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Improve Your Restaurant's Maintenance Plan by Strategizing with a Service Provider

The Restaurant Facility Management Association (RFMA) is Phoenix bound for their annual conference in March. During this conference, facility professionals and vendors get together, share their industry knowledge and build relationships.

Restaurants rely heavily on maintenance vendors to stay operational. However, the maintenance process must be effortless, timesaving and reliable to run a lucrative restaurant with service providers. Facility managers and store personnel should take the following strategic steps to manage their restaurants.

Find a Provider to Guarantee a Better Quality of Service

Streamlining your operations is important when managing restaurants. Malfunctioning equipment and complex responsibilities in the front of house and back of house creates needs that a facility manager can’t ignore. Recruiting one qualified vendor as the sole service provider for multiple trades can create an efficient and beneficial maintenance process. When there is one point of communication and all of a restaurant’s asset data is in one place, managing a restaurant gets easier. More control over your operations can lead to fewer roadblocks.

When it comes to relying on multiple vendors, it can be difficult to stay up to date on contractor insurance and qualifications. An uncertified technician might make rookie mistakes that could result in more repairs later down the line. An uninsured technician could cause injuries due to improper practices during a service, leaving the restaurant accountable.

Double-checking insurance and certifications in the beginning of a partnership can help avoid maintenance risks, which is why teaming up with one provider is worth it. One vendor with a national network of technicians that are certified in different trades can provide quality and consistent work across large restaurant chains.

Save Time by Communicating Efficiently

Naturally, completing services take less time when a facility manager only has to communicate with one service provider. A technician that works consistently with a restaurant knows what is expected of them during a service. Teaming up with a service provider and agreeing on a procedure that encourages technicians to provide service details can reduce return visits.

Creating a procedure where technicians follow up after a service can keep the facility manager aware of the health of the equipment in their restaurants. A communication procedure also enables new relationship dynamics and helpful opportunities between the technician and the store personnel. For instance, if a technician is providing a recurring hood cleaning, but notices that the exhaust fan is rattling, the technician will know:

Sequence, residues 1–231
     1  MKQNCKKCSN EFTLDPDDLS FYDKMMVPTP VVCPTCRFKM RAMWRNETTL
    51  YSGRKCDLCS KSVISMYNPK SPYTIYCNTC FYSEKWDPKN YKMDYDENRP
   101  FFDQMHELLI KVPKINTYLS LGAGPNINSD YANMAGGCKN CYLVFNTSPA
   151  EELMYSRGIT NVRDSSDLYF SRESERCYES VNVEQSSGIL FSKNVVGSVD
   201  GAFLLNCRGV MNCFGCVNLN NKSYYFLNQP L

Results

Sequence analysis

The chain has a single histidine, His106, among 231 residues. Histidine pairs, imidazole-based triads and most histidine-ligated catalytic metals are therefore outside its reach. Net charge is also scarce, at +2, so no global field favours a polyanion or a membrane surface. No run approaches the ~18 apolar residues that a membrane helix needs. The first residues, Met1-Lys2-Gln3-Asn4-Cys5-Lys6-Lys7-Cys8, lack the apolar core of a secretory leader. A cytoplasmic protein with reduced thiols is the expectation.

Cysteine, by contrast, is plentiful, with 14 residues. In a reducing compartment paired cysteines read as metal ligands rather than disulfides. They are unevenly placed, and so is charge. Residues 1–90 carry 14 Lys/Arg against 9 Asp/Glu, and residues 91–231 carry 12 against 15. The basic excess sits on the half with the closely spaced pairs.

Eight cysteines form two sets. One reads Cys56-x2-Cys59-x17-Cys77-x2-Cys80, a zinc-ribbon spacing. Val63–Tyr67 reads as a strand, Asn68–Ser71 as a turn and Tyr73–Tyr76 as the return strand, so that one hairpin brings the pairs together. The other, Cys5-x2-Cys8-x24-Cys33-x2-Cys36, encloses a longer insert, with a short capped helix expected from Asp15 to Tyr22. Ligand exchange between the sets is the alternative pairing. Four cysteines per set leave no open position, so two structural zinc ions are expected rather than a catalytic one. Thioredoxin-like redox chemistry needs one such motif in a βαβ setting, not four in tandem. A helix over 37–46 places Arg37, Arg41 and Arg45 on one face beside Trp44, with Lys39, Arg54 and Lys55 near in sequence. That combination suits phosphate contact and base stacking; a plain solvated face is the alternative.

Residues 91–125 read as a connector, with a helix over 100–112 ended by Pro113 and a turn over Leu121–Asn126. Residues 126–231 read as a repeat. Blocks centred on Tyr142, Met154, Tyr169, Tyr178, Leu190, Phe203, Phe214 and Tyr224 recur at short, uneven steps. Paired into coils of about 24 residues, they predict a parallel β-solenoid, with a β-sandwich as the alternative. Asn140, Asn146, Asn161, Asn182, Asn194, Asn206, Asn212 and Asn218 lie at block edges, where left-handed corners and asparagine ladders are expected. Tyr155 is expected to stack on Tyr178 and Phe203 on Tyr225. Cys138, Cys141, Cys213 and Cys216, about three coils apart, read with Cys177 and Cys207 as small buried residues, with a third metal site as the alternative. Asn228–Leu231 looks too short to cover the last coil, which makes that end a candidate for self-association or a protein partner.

• Who they can report the problem to
  • If they should tend to the problem immediately or if a new work order is required
  • How to document all the work they provided in a report if they tend to the problem

Service details also allow a facility manager to see the costs associated with services and understand what piece of equipment is costing the most money. With that information, a facility manager can quickly decide whether replacing the equipment or repairing the equipment is better for the bottom-line.

Put Plans in Place to Simplify the Maintenance Process

Working with a sole service provider and establishing structured communication enables the facility manager to take more proactive steps. Implementing preventative procedures can make a restaurant’s maintenance plan simple and organized. Scheduling regular services to maintain an asset will decrease the number of emergency requests. Rather than store personnel reacting to maintenance issues, proactive action leads to work order avoidance by reducing the fluctuation and frequency of service requests.

Require technicians to check up on equipment and provide preventative services like:

  • Scrubbing the grease containment systems, traps, hoods and fryers
  • Tightening and replacing the screws in exhaust fans
  • Cleaning the evaporator coils, condenser coils and blades in refrigeration systems
  • Checking up on the refrigeration drain pan, drain line and trap

Properly maintaining grease hoods, ducts, exhaust fans and refrigeration with preventative maintenance can solve the most common kitchen inefficiencies, avoid headaches and save costs.

How Can a Quality Vendor Help My FM Program?

Quality service providers can help your maintenance program get better, faster and simpler. However, it is important to know how your restaurants are currently handling their maintenance needs to make the necessary improvements.

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